C1’s shield is liability protection for providers, platforms, ISPs and individuals for what others publish online. It relieves communications platforms, such as YouTube of responsibility for the defamatory or inappropriate speech of individual users. It also protects individuals from liability even in cases where the individual shares or retweets an offending statement from someone else.

C2’s sword says that any platform acting in good faith may, but are not required to, remove content they find objectionable. The ban-sword allows websites and platforms to remove offending speech without being accused of censoring or violating anyone’s First Amendment right.

The C230 shield and sword are not absolutes. For one, they do not apply to copyrighted material. A subsequent Internet law that arrived two years after CDA, the Digital Millennium Copyright Act (DMCA 1998) attempted to further clarify copyright law online - or further obscure online copyright law depending on your point of view. A 2018 amendment to Section 230, FOSTA-SESTA (aka. Fight Online Sex Trafficking Act), further regulates the shield and sword in a well-meaning but controversial law that holds platforms and individuals responsible for facilitating sex-trafficking or prostitution.

Divided Section 230 Opinions

It’s difficult to fault the work of Wyden and Cox when they built the foundational policy that would nurture commerce and creativity online. However, today Section 230 (S230) has critics on both sides of America’s political divide. During the last presidential election S230 was a political hot potato as both Trump and Biden threatened to have it repealed. The 2020 candidates each had their own reason for opposing the law that roughly aligns with classic left vs. right S230 critiques.

The Left’s criticism of CDA-230 is that C1’s shield immunity is too lax, allowing platforms to turn a blind eye to hate speech, harassment and stalking. The sharing of disinformation has been of particular concern for the Biden administration, especially where foreign bad actors are involved.

The Right’s general criticism of CDA-230 is that the C2 sword is used far too liberally by platforms, either removing or assigning warning labels that unfairly target conservative content and expression online.

These polar opposite positions find agreement in one thing: CDA-230 needs to be fixed! Exactly how remains a source of debate. But for Gonzalez v. Google, the Supreme Court is not being asked to adjudicate either of these positions. The court is more likely to be focused on whether or not S230 protects potentially harmful content when promoted within the platform, or the phenomena of algorithm radicalization. There have been several interesting studies about this topic and it could be the subject of a future editorial.

Let’s Keep Our Free and Open Internet

We’re all beneficiaries of Section 230. The post-1996 Internet has been a boon for mankind. Free speech in a free market environment has been the foundation of our last century of innovation, and a free and open Internet will be human creativity’s great force multiplier for the next. Of course there are drawbacks to any new technology, adjustments may be required. We face new crimes online, digital filter bubbles, misinformation rabbit holes, and half-truths from various media, while Internet-anonymity often brings out the worst in people. But the adjustments we make to any new technology should begin with our perception. Once upon a time the fiction novel was suspected of ruining young minds, just as every new technology goes through its suspect-phase. Today, it's the Internet and smartphone apps attempting to hijack our dopamine receptors. But legal adjustments are almost never solutions, they're trade-offs that demand a sacrifice. Lawmakers need to take care to as tread as lightly as Reps Wyden and Cox in 1996 for the sake of future Internet freedom.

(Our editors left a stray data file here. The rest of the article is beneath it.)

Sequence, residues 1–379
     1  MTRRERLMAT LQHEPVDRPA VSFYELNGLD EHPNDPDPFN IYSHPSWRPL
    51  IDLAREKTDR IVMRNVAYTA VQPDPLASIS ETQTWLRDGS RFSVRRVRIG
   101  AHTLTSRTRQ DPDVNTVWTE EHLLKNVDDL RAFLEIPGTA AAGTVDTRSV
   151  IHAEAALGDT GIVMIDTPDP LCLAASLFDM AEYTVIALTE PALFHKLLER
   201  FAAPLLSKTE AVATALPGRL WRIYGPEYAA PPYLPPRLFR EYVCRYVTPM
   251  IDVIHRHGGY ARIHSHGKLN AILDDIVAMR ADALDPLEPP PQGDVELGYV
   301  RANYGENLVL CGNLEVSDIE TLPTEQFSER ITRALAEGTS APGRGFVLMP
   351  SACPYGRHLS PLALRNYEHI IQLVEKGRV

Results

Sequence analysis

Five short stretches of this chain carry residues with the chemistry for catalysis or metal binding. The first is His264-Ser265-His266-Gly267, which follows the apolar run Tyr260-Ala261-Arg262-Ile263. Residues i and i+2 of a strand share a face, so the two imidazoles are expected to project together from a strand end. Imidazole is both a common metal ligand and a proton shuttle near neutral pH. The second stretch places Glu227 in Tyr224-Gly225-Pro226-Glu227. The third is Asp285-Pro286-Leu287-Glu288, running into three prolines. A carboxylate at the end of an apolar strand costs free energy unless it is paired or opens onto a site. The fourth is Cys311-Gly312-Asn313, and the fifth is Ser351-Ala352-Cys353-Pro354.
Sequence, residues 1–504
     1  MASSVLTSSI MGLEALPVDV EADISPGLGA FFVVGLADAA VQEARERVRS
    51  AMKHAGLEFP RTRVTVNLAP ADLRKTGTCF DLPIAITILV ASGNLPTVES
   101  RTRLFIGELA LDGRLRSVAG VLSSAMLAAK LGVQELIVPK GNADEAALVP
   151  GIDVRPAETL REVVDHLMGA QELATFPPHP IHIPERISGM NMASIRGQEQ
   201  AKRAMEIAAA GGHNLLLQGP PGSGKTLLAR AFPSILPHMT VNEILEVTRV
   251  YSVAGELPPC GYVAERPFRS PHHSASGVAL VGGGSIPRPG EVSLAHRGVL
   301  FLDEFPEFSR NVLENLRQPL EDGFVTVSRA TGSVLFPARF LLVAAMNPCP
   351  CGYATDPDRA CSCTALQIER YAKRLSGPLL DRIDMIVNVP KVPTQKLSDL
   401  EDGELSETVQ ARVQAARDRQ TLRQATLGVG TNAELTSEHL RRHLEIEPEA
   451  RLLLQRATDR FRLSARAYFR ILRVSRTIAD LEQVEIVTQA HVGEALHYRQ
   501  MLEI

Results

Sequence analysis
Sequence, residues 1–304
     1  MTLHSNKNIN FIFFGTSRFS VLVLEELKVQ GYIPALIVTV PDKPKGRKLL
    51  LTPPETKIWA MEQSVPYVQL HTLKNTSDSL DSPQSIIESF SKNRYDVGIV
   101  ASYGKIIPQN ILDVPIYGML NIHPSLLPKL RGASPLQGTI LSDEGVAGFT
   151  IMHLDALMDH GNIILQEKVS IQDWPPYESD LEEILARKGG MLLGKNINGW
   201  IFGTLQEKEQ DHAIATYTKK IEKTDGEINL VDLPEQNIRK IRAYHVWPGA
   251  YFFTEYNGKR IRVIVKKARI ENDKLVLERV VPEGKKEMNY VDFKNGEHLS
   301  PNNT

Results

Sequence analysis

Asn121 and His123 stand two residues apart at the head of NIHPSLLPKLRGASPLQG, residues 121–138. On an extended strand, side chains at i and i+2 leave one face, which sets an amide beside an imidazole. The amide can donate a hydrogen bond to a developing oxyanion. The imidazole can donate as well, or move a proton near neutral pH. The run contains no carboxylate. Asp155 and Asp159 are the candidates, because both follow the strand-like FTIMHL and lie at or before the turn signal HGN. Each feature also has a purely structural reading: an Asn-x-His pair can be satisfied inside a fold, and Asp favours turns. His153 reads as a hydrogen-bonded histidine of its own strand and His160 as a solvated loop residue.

Gonzalez Vs. Google Result

DoubtI think this case may end in an anti-climactic conclusion that will disappoint those looking for a new legal interpretation of S230. If the court decides that the intent of the law is clear and being executed faithfully, it will side with Google and the power of its shield. This has already been the result from at least two higher courts. Northern District of California found that Section 230(c)(1) protected Google against Gonzalez claims, and the U.S. Court of Appeals for the Ninth Circuit affirmed. The now twice cast-out case will face a Supreme Court that could presumably come to the same conclusion.

But I think that the judiciary should conclude that if the government must tinker with CDA S230, it should be the responsibility of legislators, not the Supreme Court.

So, will we see a bold new interpretation of Section 230 in 2022?

I’m selecting “doubt”.

 

About the author:
author portrait

Wayde is a tech-writer and content marketing consultant in Canada s tech hub Waterloo, Ontario and Editorialist for Audioholics.com. He's a big hockey fan as you'd expect from a Canadian. Wayde is also US Army veteran, but his favorite title is just "Dad".

View full profile

Confused about what AV Gear to buy or how to set it up? Join our Exclusive Audioholics E-Book Membership Program!

Wayde Robson posts on October 31, 2022 09:18
Gonzalez v. Google began as a tragedy of global proportions. Since the case has made it all the way to the Supreme Court it's become a potential judgment on Section 230 of the Communications Decency Act of 1996. CDA S230 are protections that permit free speech on the Internet, unfortunately the free speech online has never seen so much opposition as it does today. But the Court will have to decide if the law itself is legal and being applied faithfully. A change could have serious ramifications to how we use the Internet.

Supreme Court Ruling Could Change Section 230 & the Internet Forever
58377
Post Reply